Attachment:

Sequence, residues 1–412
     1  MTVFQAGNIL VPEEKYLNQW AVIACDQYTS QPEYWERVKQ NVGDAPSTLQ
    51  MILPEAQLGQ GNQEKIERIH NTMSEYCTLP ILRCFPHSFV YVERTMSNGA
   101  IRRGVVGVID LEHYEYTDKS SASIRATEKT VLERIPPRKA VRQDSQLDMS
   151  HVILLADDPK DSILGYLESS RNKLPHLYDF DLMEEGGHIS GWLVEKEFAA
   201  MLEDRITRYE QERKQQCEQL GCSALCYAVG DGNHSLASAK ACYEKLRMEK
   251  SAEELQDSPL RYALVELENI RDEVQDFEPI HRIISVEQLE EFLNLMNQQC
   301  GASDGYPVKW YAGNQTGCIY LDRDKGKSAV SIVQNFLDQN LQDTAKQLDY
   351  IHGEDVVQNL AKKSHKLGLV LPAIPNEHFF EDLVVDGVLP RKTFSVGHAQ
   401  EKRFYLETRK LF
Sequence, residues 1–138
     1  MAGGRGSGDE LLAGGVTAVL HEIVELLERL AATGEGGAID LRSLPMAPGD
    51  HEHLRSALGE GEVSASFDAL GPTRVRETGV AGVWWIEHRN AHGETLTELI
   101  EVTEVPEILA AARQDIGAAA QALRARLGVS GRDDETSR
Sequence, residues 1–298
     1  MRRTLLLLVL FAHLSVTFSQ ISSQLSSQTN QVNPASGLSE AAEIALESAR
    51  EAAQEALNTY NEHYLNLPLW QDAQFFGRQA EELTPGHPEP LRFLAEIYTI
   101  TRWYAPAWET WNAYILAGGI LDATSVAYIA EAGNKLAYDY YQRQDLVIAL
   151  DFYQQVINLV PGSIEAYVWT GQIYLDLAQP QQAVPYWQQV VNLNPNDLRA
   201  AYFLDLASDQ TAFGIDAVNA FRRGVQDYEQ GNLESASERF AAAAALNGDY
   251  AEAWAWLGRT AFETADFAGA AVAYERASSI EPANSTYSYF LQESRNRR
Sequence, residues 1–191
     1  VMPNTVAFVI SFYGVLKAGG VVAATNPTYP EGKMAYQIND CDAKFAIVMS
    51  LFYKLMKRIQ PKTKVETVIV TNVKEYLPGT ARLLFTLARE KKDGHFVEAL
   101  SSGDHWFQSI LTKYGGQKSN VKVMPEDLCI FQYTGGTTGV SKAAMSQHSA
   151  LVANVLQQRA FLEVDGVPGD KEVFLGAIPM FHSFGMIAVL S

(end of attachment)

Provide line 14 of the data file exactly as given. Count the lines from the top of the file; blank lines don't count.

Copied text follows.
   101  EVTEVPEILA AARQDIGAAA QALRARLGVS GRDDETSR